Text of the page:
We met up with our naturalist/photoguide Claudio Vidal at our hotel in Punta Arenas in Chile. A road sign nearby said “Fin del Mundo;” however, we found this area more primordial than post-apocalyptic. The “end of the world” sign had more to do with being on the southern tip of South America, gateway to our just completed Antarctica adventure.
Claudio proudly announced that our first stop was at a resort outside of Patagonia called Ramada. While not wanting to sound like a snob, I was a bit startled; him thinking this worthy of more than a casual mention as a bathroom/coffee stop. Would we also be stopping to photograph squirrels and dogs? Much to my relief, he actually said Remota, not Ramada. This is an architectural marvel of clean-lined, low impact, organic design. Living roof, big windows and killer views. He was quickly redeemed and remained so for the week we spent together. Claudio is a treasure.
Our eco lodge was on the bank of a glacial river with breathtaking views of the Cordillera del Paine, in the Chilean Patagonia park of Torres del Paine. These snow/glacial covered granite mountains were the sun to our universe while in the park. We would drive hours on washboard gravel roads to corners of the park and there would be the Cordilleras, as if we never moved. Of course, each view is unique, the light and clouds always changing. Each sunset and sunrise were pure poetry and as unique as finger prints.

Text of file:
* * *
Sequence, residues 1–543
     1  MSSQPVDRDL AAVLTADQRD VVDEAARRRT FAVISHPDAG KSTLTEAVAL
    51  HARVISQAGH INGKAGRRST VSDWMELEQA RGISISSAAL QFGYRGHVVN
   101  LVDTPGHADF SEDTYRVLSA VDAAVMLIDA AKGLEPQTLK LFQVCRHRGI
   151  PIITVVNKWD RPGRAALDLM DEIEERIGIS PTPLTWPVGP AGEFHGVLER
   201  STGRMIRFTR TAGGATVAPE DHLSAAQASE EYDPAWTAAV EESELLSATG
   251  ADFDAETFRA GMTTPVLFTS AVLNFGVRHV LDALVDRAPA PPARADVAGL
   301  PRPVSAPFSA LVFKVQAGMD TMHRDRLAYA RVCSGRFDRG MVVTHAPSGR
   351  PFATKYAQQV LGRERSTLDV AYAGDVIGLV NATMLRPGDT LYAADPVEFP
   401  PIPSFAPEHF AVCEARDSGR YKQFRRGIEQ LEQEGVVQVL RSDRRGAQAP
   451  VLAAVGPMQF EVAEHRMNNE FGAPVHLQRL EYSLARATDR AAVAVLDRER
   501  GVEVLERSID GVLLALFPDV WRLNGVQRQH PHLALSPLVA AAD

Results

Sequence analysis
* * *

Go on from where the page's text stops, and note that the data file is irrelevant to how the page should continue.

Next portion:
Sunrises came early and we were generally off just after 5am. Some were so windy that I could barely keep the tripod on its feet. Those days gave us more sculpted clouds and no bugs. Less wind meant less interesting mashed potato clouds and some annoying bugs.
This was not just about the light, wind, clouds and Cordilleras (although it would have been more than enough). We had guanacos (a llama/camel like creature with a kangaroo face and wool that you could make ugly socks with). They were pretty calm and the calves were fun to watch. They were plentiful food for the puma, which we didn’t see.
There was also a hairy armadillo with dorsal armor and something that looked like a grass skirt. Not good looking and accordingly, it didn’t want to be photographed.
We had condors and black necked swans, as well as many species of ducks. Also fairly plentiful were rheas (an ostrich-like creature). On the last day, we spotted 3 grey foxes who tolerated our photographic pursuit.
P.S: More detail and images from Patagonia available on Marie’s blog: